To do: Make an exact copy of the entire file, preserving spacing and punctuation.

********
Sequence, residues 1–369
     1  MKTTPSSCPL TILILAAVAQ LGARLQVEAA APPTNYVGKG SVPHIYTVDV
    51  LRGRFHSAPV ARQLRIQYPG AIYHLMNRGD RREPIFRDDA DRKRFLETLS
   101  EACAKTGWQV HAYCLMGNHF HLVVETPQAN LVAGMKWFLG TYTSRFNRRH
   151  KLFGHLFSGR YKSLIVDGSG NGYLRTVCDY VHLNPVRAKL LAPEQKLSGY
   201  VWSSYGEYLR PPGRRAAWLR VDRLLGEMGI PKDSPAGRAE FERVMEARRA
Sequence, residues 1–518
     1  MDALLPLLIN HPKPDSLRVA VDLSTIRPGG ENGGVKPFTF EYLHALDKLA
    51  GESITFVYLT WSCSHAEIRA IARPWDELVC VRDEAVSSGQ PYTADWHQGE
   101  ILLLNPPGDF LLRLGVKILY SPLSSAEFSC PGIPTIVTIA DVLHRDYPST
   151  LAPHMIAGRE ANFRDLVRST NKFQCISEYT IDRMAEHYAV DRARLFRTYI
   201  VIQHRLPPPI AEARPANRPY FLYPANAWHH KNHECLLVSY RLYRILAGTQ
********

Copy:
Sequence, residues 1–369
     1  MKTTPSSCPL TILILAAVAQ LGARLQVEAA APPTNYVGKG SVPHIYTVDV
    51  LRGRFHSAPV ARQLRIQYPG AIYHLMNRGD RREPIFRDDA DRKRFLETLS
   101  EACAKTGWQV HAYCLMGNHF HLVVETPQAN LVAGMKWFLG TYTSRFNRRH
   151  KLFGHLFSGR YKSLIVDGSG NGYLRTVCDY VHLNPVRAKL LAPEQKLSGY
   201  VWSSYGEYLR PPGRRAAWLR VDRLLGEMGI PKDSPAGRAE FERVMEARRA
Sequence, residues 1–518
     1  MDALLPLLIN HPKPDSLRVA VDLSTIRPGG ENGGVKPFTF EYLHALDKLA
    51  GESITFVYLT WSCSHAEIRA IARPWDELVC VRDEAVSSGQ PYTADWHQGE
   101  ILLLNPPGDF LLRLGVKILY SPLSSAEFSC PGIPTIVTIA DVLHRDYPST
   151  LAPHMIAGRE ANFRDLVRST NKFQCISEYT IDRMAEHYAV DRARLFRTYI
   201  VIQHRLPPPI AEARPANRPY FLYPANAWHH KNHECLLVSY RLYRILAGTQ